• 1 onion, chopped
  • 1  cup mixed vegetables
  • 1 cup frozen chopped spinach
  • 1 cup shredded cheddar cheese
  • 1 tsp garlic powder
  • salt and pepper, to taste
  • 3/4 cup baking mix
  • 1 1/2 cups milk
  • 3 eggs

Butter a 10" pie plate and set aside.  Pre-heat oven to 400°.

Brown beef and onions.  Add vegetables and heat through.  Season with garlic powder, salt and pepper.

Place cooked meat and vegetables in buttered pie plate.  Top with shredded cheese.

Mix baking mix with milk and eggs in a blender or mixer.  Pour evenly over meat and vegetables.  Place in oven and bake 30 minutes or until knife inserted in center comes out clean.

Tons of childhood memories in every bite!

That was last night.

Tonight I decided I wanted Chicken Pot Pie.

I planned on cheating and buying a crust since I have a bazillion programs to load onto the newest computer - but I forgot.

Eh... It didn't take long to make one from scratch - and it really was a good one!

Pie Crust

  • 2 cups flour
  • 1/3 cup pastry/cake flour
  • 2 sticks butter, frozen
  • pinch salt
  • 1/2 cup ice water

Using a food processor, add flours and salt. Pulse to mix.

Chop up frozen butter and add. Pulse until butter is incorporated and mixture looks grainy.

Slowly add ice water and pulse until mixed.

Turn out onto counter. Press and form mixture into two disks . Wrap in plastic and refrigerate about an hour to allow the flour to properly absorb the water and to relax the gluten.

Roll out crust and place in pie plate. Crimp edges and fill.

Total simplicity.  Really.  I'm glad I forgot to buy the crust.  This one really is superior to a store-bought.

I made the filling with chicken breasts, onions, garlic, a chopped potato, a couple of carrots  and celery stalks and a cup of frozen mixed vegetables.  I used salt, pepper, garlic powder, poultry seasoning and French herbs added some chicken stock and thickened it all with flour and water.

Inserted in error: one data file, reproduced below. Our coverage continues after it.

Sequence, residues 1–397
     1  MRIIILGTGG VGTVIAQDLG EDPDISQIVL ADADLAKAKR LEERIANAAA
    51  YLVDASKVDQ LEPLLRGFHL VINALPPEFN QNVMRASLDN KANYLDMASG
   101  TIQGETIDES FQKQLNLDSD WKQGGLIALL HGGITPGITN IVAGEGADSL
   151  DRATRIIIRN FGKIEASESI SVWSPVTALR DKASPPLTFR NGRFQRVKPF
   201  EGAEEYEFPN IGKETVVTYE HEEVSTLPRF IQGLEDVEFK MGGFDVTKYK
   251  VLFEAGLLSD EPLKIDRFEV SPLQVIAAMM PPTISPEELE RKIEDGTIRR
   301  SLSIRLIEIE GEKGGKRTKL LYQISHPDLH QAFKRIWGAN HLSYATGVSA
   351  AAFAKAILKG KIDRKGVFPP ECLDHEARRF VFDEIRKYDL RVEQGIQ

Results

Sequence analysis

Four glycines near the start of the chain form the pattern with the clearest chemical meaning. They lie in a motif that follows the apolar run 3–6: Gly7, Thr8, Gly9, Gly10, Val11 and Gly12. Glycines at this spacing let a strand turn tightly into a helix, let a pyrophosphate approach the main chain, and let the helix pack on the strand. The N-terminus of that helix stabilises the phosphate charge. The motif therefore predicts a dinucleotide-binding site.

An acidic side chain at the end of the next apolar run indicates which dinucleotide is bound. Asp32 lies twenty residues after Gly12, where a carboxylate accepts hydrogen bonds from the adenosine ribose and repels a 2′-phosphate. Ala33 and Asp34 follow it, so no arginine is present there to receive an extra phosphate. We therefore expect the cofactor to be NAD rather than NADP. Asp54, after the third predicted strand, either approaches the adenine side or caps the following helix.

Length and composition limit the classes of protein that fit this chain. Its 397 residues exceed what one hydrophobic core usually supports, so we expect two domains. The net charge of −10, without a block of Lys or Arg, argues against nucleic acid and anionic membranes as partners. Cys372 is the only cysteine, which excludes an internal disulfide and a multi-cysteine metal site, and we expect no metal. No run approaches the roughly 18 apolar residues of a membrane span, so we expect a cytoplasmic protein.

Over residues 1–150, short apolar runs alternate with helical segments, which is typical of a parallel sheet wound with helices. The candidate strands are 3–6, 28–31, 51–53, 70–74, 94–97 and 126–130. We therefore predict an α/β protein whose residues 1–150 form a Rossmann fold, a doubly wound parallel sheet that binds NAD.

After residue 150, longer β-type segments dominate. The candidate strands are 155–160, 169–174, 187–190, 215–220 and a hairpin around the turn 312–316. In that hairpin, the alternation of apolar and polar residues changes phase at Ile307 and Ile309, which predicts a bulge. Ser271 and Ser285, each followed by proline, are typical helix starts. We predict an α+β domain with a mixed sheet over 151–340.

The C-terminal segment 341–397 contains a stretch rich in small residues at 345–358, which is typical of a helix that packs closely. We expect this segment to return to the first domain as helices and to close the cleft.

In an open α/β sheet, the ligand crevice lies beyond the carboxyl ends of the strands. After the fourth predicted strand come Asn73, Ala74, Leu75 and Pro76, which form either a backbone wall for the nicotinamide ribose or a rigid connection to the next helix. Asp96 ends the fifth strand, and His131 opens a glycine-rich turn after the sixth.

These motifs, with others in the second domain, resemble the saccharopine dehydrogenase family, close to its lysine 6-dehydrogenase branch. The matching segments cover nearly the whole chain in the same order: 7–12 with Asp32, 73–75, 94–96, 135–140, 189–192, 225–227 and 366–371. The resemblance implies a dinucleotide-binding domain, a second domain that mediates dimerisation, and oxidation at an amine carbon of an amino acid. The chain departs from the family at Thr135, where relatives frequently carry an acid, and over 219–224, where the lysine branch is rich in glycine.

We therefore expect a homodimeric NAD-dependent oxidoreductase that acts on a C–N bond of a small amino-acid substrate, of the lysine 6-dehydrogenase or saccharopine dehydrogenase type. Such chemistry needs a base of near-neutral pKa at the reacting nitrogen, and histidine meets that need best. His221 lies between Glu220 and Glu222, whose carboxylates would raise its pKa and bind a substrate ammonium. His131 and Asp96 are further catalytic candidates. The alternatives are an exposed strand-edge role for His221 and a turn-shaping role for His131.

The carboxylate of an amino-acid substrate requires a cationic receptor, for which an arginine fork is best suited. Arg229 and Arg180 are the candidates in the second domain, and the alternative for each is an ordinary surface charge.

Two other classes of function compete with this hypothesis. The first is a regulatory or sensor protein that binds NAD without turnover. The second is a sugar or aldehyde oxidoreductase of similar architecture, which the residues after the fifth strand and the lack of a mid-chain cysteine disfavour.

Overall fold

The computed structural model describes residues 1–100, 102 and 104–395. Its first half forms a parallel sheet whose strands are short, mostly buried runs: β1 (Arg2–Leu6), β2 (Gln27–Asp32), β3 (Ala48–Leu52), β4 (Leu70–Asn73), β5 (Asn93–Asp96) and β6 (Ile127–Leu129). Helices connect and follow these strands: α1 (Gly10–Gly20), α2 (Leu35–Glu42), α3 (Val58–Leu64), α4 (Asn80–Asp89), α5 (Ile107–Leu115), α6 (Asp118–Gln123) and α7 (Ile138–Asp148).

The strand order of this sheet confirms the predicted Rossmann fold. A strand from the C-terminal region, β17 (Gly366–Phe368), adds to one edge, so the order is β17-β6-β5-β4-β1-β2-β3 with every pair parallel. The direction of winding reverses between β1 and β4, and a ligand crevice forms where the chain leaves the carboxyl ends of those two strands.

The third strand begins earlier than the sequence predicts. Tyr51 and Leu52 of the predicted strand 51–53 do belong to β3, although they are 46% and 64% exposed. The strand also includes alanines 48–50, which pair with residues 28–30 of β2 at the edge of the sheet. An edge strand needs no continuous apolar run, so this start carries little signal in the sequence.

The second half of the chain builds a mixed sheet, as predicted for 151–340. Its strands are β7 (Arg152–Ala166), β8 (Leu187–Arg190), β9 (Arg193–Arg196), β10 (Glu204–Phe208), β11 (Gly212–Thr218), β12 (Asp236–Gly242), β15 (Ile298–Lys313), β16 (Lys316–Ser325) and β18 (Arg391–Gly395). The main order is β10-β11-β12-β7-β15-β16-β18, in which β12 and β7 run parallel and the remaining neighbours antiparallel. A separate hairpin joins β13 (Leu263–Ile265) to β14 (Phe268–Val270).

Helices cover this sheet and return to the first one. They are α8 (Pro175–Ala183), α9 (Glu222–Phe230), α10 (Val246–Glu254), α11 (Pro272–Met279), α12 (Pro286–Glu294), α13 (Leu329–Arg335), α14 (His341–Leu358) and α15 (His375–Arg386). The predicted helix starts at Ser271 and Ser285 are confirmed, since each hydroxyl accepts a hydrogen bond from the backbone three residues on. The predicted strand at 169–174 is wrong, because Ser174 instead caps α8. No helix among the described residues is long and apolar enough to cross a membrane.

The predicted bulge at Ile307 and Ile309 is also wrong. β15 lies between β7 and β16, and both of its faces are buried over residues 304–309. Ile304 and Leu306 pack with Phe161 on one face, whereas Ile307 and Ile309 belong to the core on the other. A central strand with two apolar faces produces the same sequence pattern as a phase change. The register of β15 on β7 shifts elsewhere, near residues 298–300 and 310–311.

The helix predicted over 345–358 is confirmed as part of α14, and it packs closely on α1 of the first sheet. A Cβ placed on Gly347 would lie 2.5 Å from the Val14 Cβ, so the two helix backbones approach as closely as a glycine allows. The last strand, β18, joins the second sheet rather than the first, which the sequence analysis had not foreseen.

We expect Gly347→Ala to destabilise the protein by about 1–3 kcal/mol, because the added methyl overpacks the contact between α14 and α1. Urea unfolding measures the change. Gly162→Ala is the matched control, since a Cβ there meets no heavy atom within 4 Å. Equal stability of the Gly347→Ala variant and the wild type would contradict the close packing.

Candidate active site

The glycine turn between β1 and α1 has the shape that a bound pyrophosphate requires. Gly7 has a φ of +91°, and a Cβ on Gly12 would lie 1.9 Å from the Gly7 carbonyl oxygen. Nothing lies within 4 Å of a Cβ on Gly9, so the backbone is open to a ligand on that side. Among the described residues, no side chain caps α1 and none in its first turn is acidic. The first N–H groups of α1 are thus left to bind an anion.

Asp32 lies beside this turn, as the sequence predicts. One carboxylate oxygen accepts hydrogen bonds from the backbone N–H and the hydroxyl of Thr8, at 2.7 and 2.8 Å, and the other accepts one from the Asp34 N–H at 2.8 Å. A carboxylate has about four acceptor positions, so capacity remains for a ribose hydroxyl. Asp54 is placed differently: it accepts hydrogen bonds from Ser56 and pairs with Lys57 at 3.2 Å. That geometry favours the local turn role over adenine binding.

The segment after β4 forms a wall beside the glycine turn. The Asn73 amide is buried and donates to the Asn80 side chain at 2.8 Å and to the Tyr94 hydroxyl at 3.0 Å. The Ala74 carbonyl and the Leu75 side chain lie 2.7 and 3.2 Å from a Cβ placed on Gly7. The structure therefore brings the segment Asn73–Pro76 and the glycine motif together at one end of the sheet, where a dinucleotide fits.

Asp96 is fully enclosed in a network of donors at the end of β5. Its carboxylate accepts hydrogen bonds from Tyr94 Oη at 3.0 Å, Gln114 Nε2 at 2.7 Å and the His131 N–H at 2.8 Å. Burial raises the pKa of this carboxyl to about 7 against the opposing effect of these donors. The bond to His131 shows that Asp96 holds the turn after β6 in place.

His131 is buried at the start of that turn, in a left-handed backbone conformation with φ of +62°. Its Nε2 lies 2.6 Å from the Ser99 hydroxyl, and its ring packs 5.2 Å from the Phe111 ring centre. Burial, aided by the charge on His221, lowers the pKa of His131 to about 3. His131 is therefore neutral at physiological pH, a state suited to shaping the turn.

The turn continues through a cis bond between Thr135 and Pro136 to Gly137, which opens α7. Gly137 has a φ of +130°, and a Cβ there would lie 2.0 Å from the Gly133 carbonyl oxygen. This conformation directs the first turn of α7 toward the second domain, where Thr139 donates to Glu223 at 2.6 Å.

Into the crust it went, topped with another and baked at 400° for about 30 minutes.

It was just what the weatherman ordered!  And really quick and simple to pull together  quickly so I could do all the fun computer-related things I needed to do.

I'm looking forward to Fall.



Italian Sausage Polenta Pie

Our Monday La Cucina Pasta went on hiatus this week.  Neither of us felt like actually cooking.  I thought it would be nice to do something vaguely Italian and originally was thinking a baked pasta dish of sorts.

I needed a bit of inspiration and came across a fun recipe in my Mom's Cook Book - Italian-Sausage Polenta Pie.  It fit the criterion for dinner tonight.  Italian and baked in the oven.  Plus I had all the ingredients.

That cook book is a lot of fun.  It really is a snapshot into what cooking was like 45 years ago.  Balsamic vinegar is unheard of.  A convenience product is Bisquick.  Someone really would make "Meat Loaf en Croute" using pie crust mix - and serve it or a special occasion.

Cooking  - and eating - was a lot more fun and adventurous.

So on that fun and adventurous note, I followed the basic concept but added a few twists and turns.  I had some homemade sauce in the freezer, so I didn't need to make the sauce from the recipe.  I also added some mushrooms with the sausage and added a layer of cooked arugula in the middle.

And Mozzarella cheese.

It was perfectly ooey-gooey.  And I only dirtied something like 4 pots to make a one-pot meal.

Mom would have been proud.

Spiral-Sliced Ham & Potato Pancakes

Every now and again I have to get a bone-in ham so I can get a ham bone.  Lentil, navy bean, or split pea soup is the real reason for having a ham in the first place.  I loves me soups.

And I like ham.